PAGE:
TheTelegraph.co.uk published a really good and interesting interview with Maxine you can read below.
It’s the perfect Sunday reading 🙂 Enjoy:
Peake photographed for Stella magazine (JON GORRIGAN)
From the comedy of Dinnerladies to the lead role in Hamlet, the Bolton-born Maxine Peake is impossible to pigeon-hole. And as Bernadette McNulty finds, that is just how she likes it
“I’m old fashioned. I don’t like modern life.” Maxine Peake Photo: Jon Gorrigan
Maxine Peake has just finished playing Hamlet, one of the toughest parts any actor can take on, and she is one of the very few British actresses to have done so (Frances de la Tour did it in 1979), yet all she says anyone wants to talk to her about is her hair. “Every review mentioned me having short hair. It’s 2015 – women can have short hair, you know!” she says, chuckling in that still-doughty Lancastrian accent.
It isn’t the first time Peake has experimented with her looks. The 40-year-old actress has passed through many incarnations during her 16-year career, most often on primetime television. From the lanky mouse mop of her snarky character Twinkle in Victoria Wood’s comedy Dinnerladies to the bleached blond beehive of Myra Hindley in Speak No Evil and the stiff barrister’s wig of Martha Costello in Silk, Peake hasn’t been particularly precious about her looks. The first time she appeared in Hamlet, cast as Ophelia in the 2002 production at the West Yorkshire Playhouse with Christopher Eccleston, she ended up shaving her head at a local barber’s during the run, in an attempt to get rid of the bad black dye job that she had been hiding underneath a wig. “I felt more feminine having no hair. It was really liberating.”
I meet Peake downstairs in the bar at the Royal Court theatre in London, where she is in Zinnie Harris’s dystopian new play How to Hold Your Breath, turning in another tour-de-force lead as a sassy “customer relations” executive losing her naivety as the European economy unravels. Bravery and a willingness to take on the unexpected has become the hallmark of Peake’s career. Hamlet is the calling card for many male actors proving their acting chops, and of late there has been a profusion of interpretations from the likes of Jude Law, Michael Sheen and David Tennant, with Benedict Cumberbatch playing the role this year.
Even so, when it was announced that Peake would be taking on the challenge last autumn at the Royal Exchange in Manchester, the run near instantly sold out, with queues around the block to see the local actress in Shakespeare’s most famous play, making it the fastest-selling show at the theatre for a decade.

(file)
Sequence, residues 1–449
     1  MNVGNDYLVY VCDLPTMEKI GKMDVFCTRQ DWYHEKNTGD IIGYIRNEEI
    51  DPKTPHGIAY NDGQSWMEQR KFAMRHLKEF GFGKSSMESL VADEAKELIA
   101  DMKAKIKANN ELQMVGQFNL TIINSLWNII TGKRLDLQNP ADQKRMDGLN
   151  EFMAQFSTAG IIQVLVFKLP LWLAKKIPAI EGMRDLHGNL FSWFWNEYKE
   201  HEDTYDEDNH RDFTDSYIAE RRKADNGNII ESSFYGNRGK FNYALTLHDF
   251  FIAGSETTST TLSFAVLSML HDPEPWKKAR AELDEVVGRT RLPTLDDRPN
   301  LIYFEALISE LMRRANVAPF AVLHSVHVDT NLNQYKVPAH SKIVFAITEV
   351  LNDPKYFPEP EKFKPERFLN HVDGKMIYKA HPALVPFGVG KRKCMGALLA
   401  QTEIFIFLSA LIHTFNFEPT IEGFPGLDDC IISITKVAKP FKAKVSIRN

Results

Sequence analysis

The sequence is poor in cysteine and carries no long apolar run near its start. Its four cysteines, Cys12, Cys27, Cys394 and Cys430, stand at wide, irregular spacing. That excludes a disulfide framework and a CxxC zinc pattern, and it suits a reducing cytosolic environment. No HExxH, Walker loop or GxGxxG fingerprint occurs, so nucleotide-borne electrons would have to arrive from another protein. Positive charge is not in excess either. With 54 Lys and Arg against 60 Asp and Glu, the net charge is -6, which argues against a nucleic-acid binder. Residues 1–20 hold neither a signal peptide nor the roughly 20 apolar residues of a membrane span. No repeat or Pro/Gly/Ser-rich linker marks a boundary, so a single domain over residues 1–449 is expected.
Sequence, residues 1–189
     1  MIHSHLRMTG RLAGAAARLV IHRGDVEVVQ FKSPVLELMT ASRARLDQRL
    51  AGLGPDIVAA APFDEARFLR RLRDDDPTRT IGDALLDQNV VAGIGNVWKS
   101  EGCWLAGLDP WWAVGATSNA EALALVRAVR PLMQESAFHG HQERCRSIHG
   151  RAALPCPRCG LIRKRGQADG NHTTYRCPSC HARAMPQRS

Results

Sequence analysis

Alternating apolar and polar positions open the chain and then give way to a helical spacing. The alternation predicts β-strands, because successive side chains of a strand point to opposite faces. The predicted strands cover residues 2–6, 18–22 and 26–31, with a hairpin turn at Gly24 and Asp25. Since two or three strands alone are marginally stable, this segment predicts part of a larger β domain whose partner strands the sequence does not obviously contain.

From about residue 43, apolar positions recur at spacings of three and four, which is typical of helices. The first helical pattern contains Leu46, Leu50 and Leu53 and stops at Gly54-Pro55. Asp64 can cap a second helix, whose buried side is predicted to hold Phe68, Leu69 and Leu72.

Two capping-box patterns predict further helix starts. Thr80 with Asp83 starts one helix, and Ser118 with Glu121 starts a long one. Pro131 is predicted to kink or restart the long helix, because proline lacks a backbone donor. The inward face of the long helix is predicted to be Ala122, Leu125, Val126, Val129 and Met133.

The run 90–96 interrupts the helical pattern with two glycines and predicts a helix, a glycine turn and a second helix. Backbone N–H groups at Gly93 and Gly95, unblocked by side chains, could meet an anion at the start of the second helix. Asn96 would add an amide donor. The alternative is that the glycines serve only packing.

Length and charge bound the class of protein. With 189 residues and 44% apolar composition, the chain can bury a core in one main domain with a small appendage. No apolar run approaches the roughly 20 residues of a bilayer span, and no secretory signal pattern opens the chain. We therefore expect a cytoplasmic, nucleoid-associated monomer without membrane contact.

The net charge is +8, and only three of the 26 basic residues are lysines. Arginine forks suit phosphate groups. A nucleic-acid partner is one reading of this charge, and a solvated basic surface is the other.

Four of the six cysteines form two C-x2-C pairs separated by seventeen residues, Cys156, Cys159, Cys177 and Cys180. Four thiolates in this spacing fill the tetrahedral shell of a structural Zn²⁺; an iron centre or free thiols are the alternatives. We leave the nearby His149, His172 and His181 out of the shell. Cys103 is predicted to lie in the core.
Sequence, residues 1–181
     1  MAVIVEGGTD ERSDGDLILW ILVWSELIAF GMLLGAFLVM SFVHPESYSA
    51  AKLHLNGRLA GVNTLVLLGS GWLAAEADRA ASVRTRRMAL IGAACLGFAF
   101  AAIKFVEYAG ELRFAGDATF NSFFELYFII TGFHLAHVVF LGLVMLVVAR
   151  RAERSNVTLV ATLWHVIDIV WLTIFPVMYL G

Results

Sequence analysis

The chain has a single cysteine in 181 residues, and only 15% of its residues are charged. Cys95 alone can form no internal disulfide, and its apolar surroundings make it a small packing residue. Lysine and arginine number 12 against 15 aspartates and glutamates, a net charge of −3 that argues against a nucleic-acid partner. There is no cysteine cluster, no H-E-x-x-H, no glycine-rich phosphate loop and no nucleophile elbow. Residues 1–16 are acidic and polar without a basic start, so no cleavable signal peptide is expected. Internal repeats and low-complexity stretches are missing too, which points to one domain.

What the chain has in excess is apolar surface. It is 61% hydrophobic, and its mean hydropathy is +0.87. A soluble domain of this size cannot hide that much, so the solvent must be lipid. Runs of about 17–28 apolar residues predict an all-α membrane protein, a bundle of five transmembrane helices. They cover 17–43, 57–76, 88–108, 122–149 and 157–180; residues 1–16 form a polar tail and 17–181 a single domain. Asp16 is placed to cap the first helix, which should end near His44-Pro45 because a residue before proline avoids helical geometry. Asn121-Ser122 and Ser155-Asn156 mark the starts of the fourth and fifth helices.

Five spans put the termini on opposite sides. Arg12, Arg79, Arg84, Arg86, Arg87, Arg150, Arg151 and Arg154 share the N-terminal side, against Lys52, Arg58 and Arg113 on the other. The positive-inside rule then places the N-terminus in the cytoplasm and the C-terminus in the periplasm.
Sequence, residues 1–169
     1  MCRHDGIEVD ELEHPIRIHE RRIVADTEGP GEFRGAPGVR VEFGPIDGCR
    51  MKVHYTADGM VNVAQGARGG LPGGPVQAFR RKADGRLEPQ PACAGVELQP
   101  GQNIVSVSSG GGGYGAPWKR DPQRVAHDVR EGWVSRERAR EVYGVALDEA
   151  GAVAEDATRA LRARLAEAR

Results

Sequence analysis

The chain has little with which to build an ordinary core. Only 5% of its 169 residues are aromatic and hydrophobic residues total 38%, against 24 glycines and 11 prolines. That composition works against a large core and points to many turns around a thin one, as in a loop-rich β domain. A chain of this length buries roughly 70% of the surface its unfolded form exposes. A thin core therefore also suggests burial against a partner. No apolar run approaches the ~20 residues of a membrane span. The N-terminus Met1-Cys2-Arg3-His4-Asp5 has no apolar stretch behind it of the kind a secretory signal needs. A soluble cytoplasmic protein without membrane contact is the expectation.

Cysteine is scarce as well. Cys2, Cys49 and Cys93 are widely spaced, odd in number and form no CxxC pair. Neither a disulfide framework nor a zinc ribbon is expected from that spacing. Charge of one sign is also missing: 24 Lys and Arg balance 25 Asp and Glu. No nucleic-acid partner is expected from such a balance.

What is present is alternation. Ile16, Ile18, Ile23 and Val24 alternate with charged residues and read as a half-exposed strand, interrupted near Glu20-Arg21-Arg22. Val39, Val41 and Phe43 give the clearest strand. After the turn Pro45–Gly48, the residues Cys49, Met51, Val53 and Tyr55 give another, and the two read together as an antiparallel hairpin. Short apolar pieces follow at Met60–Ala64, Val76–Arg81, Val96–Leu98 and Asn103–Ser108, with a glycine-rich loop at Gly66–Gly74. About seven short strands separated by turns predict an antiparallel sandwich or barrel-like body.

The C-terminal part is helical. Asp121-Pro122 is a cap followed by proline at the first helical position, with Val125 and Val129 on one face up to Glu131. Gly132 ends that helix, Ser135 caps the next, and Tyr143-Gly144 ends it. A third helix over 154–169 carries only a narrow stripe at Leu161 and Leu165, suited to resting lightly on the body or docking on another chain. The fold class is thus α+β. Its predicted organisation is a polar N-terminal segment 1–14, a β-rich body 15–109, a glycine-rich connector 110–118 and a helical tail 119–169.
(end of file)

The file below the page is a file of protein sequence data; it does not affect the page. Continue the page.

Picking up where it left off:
Critics raved about Peake’s “emotional ferocity”, and now those who missed out on tickets will be able to see a filmed version of the play (shot over three performances by the director Margaret Williams) when it is released in cinemas this month. This intense production is as compellingly taut as a Scandinavian thriller. Peake tempers Hamlet’s rage and despair with vulnerability, sly humour and nerve-racking internal turmoil. “I just thought Hamlet has really been through it. His dad has died and then weeks later his mum has remarried.”
Peake with the cast of Dinner Ladies (REX)
Peake suggested taking on the role to the play’s director, Sarah Frankcom, shortly after the two had finished working together at the Royal Exchange on a production of Strindberg’s Miss Julie in 2012. “I mentioned it in jest at first. I felt why, as a woman, can’t I do it? I had always been attracted to it because there aren’t many female warrior roles. Hamlet is fearless.”
Peake admits that despite her initial bravado she had anxiety about taking on the role. “I did worry, ‘What have I let myself into?’” Researching the role included watching YouTube interviews with the actor Rory Kinnear, who played Hamlet at the National Theatre in 2010. “He was really interesting. He said he learnt the soliloquies before starting rehearsals but that he didn’t really learn the whole play until he actually started interacting with the other actors. It was the same with me. It’s between you and the other characters and you don’t know how you are going to respond until you get on the stage with them.”
Frankcom sets her Hamlet in the gloomy round of the Royal Exchange, swapping over not only Hamlet’s sex but also those of other characters such as Polonius and Rosencrantz. Peake envisaged her Hamlet as a man trapped in a woman’s body in order to question our ideals of gender. “What is male and what is female? I don’t always feel female.” She cites training at Rada in the 1990s, when she remembers feeling “like a bit of a tomboy. They always said to me that I needed to be more feminine. I think it’s so wrong. Being boisterous doesn’t mean you are not feminine. When I was growing up, because I was a bit overweight and boyish, I thought I wasn’t attractive to the opposite sex, but I have since met lads from my school who said I just seemed unapproachable.”
Long since slimmed-down from her youth after Victoria Wood advised her to lose weight or risk being typecast as the jolly Northern girl in comedies, Peake is now a poster-girl for a very modern, androgynous take on femininity.In a chartreuse-yellow top and navy dungarees with a spotted neckerchief, Peake looks gorgeously cool, like Tilda Swinton ready to join the band Dexys Midnight Runners. Peake admits in Hamlet she found the daily performances of more than three hours gruelling, to the extent that she felt as though she were running a marathon every night. “I got really sick in the middle of the run and the doctor had to give me vitamin injections. Often when I am playing difficult roles I have a problem sleeping because I can’t leave the character behind. But with Hamlet I was out like a light every night because you do all the psychological processing on stage.”
Peake as Myra Hindley in See No Evil (REX)
None the less she says the exhilaration of the challenge sustained her, and that she relished the chance to physically express herself, grappling with Gertrude and sword-fighting with Laertes. “I loved it when I got on stage. It was really liberating. You rarely get that with a female part and it felt so physically free.”